Entrepreneurs Driven By Urge To Tell Their Story

Published in San Diego Union-Tribune on July 20, 2015

10 o’clock, 30 feet, moving left.

That is what the guide tells you when you are standing in the bow of a small flat bottom boat in the Bahamas trying to catch the elusive bonefish, known as “the ghost” — one of the fastest fishes in the world.

A couple of years ago, I wrote about fly-fishing for steelhead. This time the fish is different, and the entrepreneurial story lessons come from Liz Bain, manager of the Mangrove Cay Club on Andros Island.

Bain is the 62-year-old manager/owner of the lodge. Her story is one of relentless pursuit and entrepreneurial courage. She grew up in Toronto and studied to become an accountant. Bain started as a bookkeeper working in several large corporations and she experienced all the glass ceiling, sexist resentments and hurdles of that time, but she had one older male mentor who gave her some protection and guidance. (Mentors are critical when you are starting out.)

When Bain couldn’t advance past controller, she switched to software sales. It was the time when UNIX machines ruled and she learned how to not only sell software, but also to install it. She started to sell IBM products and took several accounts away from Oracle.

Larry Ellison, CEO of Oracle, thought that if he couldn’t beat her, he would hire her, and he offered her a job, but Bain says, “there was no way I was going to work for Larry.”

Now comes the pivot, the entrepreneurial urge to own your own history. When Bain was in her late 40s, she left software, married a Bahamian man and took a job at a bonefish lodge. “I was good at managing things. I like details, structure and customer service. And I am good at dealing with Type A people.” She also could see ways to improve the lodge. The entrepreneurial game often starts with a job at one place, and the growing awareness that you can improve the product. And of course, true to form, when Bain suggested improvements, her ideas were rejected.

Next up — the black swan arrives — the owner of the lodge “disappears at sea,” and there is a power struggle for leadership at the lodge and Bain gets tossed — fired.

Next step, she decides she is going to have her own lodge. With one hand she battles the investors with the green eyeshades, and with the other, she hires the crew and designs and builds a lodge and eight suites for up to 16 clients. Then she hires the staff and the fishing guides and trains the entire organization.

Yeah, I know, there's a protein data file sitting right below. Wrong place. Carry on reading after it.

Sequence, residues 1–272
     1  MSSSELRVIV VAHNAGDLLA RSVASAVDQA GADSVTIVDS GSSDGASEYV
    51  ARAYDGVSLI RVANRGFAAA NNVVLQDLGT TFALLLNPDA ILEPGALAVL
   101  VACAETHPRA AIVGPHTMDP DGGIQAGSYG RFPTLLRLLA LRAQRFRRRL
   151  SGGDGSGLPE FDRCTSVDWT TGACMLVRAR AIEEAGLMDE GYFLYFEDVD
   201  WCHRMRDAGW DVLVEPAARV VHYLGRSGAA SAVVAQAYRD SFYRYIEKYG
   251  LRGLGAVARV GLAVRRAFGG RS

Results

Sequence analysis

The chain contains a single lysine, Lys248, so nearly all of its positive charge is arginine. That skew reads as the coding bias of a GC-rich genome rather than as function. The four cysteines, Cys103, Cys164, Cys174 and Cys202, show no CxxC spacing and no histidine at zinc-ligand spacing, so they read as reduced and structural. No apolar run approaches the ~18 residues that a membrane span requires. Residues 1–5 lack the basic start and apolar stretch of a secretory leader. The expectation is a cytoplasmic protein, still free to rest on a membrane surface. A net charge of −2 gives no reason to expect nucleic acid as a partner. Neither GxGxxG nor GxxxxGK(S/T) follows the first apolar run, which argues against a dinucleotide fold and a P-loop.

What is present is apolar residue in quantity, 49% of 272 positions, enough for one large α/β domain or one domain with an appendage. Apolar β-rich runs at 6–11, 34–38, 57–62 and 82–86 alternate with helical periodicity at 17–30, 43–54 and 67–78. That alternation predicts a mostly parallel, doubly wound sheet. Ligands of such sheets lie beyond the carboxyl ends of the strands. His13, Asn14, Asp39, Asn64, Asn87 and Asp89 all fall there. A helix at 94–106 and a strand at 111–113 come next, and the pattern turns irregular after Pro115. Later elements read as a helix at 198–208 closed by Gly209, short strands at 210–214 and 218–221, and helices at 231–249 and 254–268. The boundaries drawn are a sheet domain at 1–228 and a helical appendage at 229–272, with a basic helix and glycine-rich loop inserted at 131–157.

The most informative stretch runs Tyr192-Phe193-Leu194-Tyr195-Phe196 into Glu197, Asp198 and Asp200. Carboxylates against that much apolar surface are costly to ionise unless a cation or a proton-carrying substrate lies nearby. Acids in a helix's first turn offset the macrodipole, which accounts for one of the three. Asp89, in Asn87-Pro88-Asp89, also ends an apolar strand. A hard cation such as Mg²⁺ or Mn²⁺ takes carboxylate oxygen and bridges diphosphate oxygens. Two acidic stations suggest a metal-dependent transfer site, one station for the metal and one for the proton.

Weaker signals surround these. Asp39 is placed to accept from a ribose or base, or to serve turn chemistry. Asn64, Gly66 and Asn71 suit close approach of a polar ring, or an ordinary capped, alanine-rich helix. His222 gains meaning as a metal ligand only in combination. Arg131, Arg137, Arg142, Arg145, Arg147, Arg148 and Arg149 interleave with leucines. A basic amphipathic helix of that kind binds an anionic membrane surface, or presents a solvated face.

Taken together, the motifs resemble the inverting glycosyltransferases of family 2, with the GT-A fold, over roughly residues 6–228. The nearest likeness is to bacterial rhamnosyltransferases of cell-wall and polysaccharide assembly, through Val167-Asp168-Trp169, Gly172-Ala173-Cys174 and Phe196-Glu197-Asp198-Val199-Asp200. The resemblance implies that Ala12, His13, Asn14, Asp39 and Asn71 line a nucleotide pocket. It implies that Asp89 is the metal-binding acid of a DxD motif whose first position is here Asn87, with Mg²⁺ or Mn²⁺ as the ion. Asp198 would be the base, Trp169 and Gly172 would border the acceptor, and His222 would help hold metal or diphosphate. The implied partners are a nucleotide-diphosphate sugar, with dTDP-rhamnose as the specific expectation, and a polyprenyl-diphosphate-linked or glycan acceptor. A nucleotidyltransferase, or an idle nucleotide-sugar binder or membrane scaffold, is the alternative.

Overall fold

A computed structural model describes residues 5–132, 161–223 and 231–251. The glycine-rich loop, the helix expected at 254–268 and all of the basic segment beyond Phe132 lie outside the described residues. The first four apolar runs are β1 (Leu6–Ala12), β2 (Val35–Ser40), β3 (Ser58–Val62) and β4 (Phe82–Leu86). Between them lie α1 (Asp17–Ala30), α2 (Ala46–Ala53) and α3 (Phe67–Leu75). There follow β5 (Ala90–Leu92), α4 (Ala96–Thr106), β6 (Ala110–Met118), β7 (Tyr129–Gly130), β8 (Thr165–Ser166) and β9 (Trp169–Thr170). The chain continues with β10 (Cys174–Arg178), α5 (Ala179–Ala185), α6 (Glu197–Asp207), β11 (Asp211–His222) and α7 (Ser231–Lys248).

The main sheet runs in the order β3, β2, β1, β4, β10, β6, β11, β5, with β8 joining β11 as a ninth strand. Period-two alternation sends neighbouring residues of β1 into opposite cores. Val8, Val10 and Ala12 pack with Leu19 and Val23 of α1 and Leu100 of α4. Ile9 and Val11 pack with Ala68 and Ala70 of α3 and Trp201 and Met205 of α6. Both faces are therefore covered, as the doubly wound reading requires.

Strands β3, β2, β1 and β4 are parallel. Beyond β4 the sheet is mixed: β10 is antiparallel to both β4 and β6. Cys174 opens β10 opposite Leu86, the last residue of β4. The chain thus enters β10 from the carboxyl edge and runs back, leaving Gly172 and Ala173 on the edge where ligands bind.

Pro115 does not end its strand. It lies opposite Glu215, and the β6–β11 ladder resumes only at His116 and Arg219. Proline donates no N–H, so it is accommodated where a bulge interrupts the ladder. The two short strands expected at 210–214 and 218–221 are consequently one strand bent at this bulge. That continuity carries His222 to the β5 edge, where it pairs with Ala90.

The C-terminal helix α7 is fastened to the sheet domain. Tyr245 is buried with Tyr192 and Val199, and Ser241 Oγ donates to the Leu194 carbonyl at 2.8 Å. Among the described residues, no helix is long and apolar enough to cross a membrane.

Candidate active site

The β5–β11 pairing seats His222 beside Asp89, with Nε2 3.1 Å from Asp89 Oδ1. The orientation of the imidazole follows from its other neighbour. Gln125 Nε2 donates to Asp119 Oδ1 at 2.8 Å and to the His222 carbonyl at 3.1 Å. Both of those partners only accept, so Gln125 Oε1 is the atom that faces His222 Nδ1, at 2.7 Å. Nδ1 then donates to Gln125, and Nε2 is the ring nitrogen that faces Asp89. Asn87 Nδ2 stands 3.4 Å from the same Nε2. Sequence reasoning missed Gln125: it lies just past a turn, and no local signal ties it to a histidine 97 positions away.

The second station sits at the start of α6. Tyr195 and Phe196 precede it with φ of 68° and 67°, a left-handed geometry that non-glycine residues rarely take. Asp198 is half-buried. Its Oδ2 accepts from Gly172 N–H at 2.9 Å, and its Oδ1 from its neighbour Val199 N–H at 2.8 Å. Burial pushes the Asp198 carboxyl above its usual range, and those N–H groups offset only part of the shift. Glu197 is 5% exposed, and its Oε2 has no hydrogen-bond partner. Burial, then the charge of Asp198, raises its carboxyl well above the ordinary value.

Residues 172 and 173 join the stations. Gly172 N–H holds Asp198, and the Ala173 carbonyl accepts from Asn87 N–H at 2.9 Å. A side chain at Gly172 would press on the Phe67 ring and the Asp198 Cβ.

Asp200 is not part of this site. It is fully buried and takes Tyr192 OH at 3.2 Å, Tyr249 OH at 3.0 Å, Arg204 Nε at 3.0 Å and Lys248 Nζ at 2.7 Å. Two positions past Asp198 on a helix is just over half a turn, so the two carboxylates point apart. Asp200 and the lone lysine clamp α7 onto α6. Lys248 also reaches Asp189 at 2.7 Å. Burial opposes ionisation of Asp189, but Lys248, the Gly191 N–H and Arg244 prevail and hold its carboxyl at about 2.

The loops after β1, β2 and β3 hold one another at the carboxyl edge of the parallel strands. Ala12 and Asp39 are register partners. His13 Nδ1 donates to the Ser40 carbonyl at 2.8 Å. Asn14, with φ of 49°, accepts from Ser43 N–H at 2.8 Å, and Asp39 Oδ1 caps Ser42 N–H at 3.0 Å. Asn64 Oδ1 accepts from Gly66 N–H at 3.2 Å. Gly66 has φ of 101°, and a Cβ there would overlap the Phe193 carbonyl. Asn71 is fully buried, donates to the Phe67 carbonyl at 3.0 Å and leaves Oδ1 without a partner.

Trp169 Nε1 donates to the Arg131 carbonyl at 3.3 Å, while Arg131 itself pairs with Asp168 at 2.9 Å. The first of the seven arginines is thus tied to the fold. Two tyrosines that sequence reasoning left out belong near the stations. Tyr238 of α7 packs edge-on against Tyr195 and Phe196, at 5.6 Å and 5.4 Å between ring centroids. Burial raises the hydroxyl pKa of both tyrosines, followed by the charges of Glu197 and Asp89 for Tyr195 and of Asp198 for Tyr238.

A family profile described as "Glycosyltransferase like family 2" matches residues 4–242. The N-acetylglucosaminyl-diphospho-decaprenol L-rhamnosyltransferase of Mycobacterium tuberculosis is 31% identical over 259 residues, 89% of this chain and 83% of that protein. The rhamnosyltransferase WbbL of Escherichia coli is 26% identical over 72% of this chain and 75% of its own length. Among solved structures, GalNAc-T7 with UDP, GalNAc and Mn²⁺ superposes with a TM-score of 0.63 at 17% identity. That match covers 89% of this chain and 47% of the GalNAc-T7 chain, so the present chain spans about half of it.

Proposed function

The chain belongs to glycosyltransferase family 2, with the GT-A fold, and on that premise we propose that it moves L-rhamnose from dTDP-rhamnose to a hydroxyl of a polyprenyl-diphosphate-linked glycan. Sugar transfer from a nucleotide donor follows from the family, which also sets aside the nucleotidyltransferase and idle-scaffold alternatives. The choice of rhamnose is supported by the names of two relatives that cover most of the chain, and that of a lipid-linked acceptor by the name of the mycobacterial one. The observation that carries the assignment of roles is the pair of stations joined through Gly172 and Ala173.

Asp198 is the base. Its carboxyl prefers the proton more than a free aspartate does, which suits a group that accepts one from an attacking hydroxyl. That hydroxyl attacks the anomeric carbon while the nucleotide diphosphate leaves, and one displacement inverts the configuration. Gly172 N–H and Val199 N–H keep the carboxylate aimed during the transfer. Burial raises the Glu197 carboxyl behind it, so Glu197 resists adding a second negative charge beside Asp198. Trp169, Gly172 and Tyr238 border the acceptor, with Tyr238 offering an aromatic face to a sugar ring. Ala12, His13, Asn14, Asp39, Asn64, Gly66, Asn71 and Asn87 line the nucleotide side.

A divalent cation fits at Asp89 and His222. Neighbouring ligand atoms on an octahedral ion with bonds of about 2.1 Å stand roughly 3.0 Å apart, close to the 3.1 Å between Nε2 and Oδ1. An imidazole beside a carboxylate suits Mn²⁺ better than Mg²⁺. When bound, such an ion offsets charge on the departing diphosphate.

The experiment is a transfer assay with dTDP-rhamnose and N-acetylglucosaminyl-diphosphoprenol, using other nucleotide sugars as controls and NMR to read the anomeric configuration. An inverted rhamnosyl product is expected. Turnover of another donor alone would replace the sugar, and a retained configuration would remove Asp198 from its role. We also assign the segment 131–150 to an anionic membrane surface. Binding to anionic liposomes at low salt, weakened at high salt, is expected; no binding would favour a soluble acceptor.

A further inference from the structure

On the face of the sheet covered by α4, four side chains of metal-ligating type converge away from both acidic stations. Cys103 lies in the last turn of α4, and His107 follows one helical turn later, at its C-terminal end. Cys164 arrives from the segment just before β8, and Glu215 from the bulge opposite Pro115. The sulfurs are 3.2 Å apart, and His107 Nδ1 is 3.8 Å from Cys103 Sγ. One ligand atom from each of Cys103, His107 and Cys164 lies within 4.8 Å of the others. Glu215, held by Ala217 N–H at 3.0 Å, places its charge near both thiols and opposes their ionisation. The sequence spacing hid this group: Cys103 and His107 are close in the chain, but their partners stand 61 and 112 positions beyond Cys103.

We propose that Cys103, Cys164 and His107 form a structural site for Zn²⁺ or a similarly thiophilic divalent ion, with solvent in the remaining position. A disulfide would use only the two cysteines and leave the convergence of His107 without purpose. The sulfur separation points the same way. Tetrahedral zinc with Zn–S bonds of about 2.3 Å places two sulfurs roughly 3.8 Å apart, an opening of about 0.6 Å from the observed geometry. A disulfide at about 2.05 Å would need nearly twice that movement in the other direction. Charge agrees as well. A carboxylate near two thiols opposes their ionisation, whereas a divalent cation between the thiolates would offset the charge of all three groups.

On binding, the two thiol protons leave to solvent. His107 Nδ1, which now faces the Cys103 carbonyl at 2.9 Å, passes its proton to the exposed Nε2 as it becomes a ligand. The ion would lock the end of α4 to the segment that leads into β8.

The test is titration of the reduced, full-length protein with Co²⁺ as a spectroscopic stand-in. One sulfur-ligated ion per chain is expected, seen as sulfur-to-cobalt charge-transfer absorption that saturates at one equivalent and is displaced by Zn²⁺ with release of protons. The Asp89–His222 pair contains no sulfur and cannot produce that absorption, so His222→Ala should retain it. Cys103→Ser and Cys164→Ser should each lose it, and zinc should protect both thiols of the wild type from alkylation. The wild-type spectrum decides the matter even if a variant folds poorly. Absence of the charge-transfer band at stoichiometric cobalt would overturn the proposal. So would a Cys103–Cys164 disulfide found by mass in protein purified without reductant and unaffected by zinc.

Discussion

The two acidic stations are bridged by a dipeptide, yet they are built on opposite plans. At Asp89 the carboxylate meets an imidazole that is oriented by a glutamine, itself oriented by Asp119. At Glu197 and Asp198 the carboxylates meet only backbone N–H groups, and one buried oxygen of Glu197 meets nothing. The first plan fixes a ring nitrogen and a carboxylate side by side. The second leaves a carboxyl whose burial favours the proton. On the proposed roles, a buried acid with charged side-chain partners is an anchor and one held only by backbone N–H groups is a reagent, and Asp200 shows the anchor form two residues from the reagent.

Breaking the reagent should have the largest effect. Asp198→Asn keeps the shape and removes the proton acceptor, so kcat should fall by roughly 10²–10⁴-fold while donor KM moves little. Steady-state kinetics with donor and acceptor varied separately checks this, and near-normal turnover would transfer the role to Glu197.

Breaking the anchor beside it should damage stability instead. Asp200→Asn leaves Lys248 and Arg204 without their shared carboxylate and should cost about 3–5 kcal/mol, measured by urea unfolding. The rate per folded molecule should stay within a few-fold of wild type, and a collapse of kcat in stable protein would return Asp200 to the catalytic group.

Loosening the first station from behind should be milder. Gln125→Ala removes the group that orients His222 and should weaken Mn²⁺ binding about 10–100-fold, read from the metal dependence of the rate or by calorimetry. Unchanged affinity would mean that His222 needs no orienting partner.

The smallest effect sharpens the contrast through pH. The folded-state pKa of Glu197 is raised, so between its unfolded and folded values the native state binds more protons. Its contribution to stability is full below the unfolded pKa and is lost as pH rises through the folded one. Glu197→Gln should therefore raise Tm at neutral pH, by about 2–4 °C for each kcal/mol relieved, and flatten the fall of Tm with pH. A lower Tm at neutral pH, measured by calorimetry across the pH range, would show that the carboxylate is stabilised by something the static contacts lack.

The tale of the dough is convoluted, but let it suffice that certain types of rich people fancy themselves owning a fishing lodge, the way other folks buy basketball teams. There were three different investment groups involved before the deal got done — all in play during construction. The final check arrived the day before the lodge opened.

Bain is a tough competitor who runs the joint with an iron fist. (I came in late one day and got a “talking to.”) She commented to me that “I am not sure the younger generation of women fully understands who knocked the walls down for them today.”

And now Bain faces the final entrepreneurial question — how does she exit, monetize her equity and retire? It is the “who buys a fishing lodge” question.

I had to fly home through Nassau and that led me to another entrepreneurial story. I met Simon Smith, 50-year-old native Bahamian, who runs The Bahamas Rum Cake Factory — the largest supplier of rum cakes in the islands. He makes and sells 1,000 per day. He sells out every day and has orders for more than he can make. His issue is how to expand, enter worldwide markets, including an order he now has for 100,000 cakes per week from China. He says to me, “let me tell you, the paperwork to export will kill you, selling to China is not a piece of cake.” (I don’t think he fully appreciated his own humor).

I love the entrepreneurial story — in all the places of the world. It is truly “the stuff that dreams are made of.”

Rule No. 423

Entrepreneurs are made, not born.

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